Medicare begins at age 65 for people in the United States, so if you enter early retirement before this threshold, you’ll be retiring before Medicare. Most people that come to us will say that they want to work until 65, 66 or even 70.
Since we believe in retirement planning using concrete data, we’ll plug in the person’s figures and forecast what their retirement may look like.
For some people, they’ll find that they have significant money leftover at age 90, so they want to see what happens if they retire at 62. We can easily run these forecasts, but there are a few things that occur when you start thinking of retiring early.
Early Retirement and a Few Factors to Consider
If you can secure your retirement by 60, it’s a wonderful feeling. You’ve done everything properly, and now you’re able to enjoy your life a little more. However, if you do retire early, there are some factors you need to consider.
Medicare is going to be unavailable until you’re 65, and if you’re no longer working for a company that offers health insurance, you’re now on your own. Health insurance expenses will be a major factor, especially with rising insurance costs.
Lost Income Potential
If you retire before 65, you’re no longer paying into Social Security, nor are you able to allow your investments to accumulate as much money as you would if you stayed in the workforce. Of course, this is a tradeoff of early retirement, but it’s something to consider based on your current financials.
Potential retirees that are trying to make all the calculations on their own may miss crucial factors that help shape their retirement plans. We use special software that can easily be adjusted to add in:
- Special expenses
- Fun funds
- Additional expenses or income
Running what-if scenarios, such as retiring before Medicare or if rates rise for Medicare, can help you better understand your retirement potential.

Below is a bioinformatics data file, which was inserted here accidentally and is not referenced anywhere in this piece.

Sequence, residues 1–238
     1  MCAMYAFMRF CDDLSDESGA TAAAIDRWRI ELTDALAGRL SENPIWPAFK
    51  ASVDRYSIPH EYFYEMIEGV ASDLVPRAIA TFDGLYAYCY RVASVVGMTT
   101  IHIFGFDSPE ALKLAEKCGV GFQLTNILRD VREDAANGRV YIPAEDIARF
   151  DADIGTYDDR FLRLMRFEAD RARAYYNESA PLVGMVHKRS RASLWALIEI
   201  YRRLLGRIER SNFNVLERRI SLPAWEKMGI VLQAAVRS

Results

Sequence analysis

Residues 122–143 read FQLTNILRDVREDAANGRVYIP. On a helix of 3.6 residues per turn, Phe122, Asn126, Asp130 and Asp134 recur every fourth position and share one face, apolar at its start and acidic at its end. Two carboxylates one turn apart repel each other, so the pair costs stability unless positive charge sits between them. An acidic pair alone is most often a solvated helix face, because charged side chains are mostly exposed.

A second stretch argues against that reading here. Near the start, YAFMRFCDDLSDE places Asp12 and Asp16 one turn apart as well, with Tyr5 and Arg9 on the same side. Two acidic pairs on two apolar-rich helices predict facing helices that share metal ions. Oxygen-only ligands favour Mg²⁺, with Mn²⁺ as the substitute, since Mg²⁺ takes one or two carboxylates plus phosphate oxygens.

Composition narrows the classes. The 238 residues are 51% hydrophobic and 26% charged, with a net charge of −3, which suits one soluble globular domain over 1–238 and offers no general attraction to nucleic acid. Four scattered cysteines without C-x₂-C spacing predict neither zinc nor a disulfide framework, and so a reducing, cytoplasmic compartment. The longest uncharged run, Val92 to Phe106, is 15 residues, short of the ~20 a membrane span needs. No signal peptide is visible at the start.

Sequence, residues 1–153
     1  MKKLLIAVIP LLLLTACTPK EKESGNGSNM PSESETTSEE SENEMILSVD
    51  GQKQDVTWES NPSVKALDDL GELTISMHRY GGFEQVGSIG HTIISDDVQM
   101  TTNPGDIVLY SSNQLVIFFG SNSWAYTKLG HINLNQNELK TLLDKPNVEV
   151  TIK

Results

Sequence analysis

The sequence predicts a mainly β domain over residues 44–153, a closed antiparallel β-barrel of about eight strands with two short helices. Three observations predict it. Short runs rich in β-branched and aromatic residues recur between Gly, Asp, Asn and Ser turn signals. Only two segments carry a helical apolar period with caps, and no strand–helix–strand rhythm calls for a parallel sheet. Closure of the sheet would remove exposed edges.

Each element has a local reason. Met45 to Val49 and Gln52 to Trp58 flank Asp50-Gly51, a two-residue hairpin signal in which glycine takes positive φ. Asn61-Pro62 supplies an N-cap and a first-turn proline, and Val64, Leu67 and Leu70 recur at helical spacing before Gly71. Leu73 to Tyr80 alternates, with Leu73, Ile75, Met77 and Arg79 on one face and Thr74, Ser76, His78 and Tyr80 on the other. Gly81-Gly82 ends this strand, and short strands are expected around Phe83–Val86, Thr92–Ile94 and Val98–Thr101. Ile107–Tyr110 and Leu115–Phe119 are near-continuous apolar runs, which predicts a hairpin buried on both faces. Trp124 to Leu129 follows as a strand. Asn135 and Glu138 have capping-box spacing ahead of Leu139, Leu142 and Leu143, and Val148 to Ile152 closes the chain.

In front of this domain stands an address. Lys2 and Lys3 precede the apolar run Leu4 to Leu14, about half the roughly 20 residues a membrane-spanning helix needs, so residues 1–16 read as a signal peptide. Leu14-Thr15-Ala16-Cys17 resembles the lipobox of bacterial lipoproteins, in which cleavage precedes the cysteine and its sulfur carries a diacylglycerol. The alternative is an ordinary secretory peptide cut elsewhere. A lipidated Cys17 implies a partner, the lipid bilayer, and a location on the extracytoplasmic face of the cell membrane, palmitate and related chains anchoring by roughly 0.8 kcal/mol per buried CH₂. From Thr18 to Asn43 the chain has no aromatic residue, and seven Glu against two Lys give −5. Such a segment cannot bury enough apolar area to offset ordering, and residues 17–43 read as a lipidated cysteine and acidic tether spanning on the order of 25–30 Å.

While you may be a master of Excel, it’s far too easy to miscalculate your funds or miss a calculation that throws off your retirement figures in both directions.
Real-time output and reports are crucial to outline whether you have enough money to secure your retirement and what can happen if you do retire before you’re eligible for Medicare.
Another thing to consider if you’re retiring early is that you will pay less into Social Security. You can start Social Security as early as 62, and your contributions stop at 70. For some people, they plan on retiring at 65. If you’re working and have ample income, it doesn’t make sense to take Social Security.
Instead, in the scenario above, it makes the most sense to let your Social Security build so that it’s higher when you do retire.
Some people will retire at 65 and not take Social Security until they’re 70 to maximize their benefits. We like to run figures until a person is 90 to have a good idea of what it means to take Social Security.
Ideally, we run figures for taking Social Security at:
It may seem like a no-brainer to take Social Security at 70 because that’s when your benefits will be their highest. However, if you must take money out of your retirement account because you stopped working at 65 and don’t take benefits until you’re 70, this will impact your retirement, too.
For example, if you still have $500,000 in retirement funds at 90, why would you wait to retire?
You’re unlikely to use all your retirement before your demise at that point. If you’re holding out on Social Security and continue working to maximize these benefits, will they really matter in the whole spectrum of things?
There’s a lot to think about if you plan to retire early, and it’s a very individualized thing.
You might want to help pay for a person’s wedding, renovate your house, and make other big purchases. If you’re retiring before Medicare, these expenses may be fine, or they may leave you taking money out of your retirement accounts earlier than expected.
If you do plan to retire a little earlier, we recommend running the figures to have a clear picture of:
- What your health insurance costs will be.
- What happens to your retirement accounts because you’re paying for insurance out of your investment accounts?
Ideally, you’ll work with someone, like us, who can run the numbers for you to plug in all these variables and what-if scenarios. We can even forecast what happens if you plan to retire at 55, so you can have a clear picture of how realistic retirement is for your situation.
If you need help running these reports and want to know what your retirement before Medicare may look like, schedule an introductory call with us.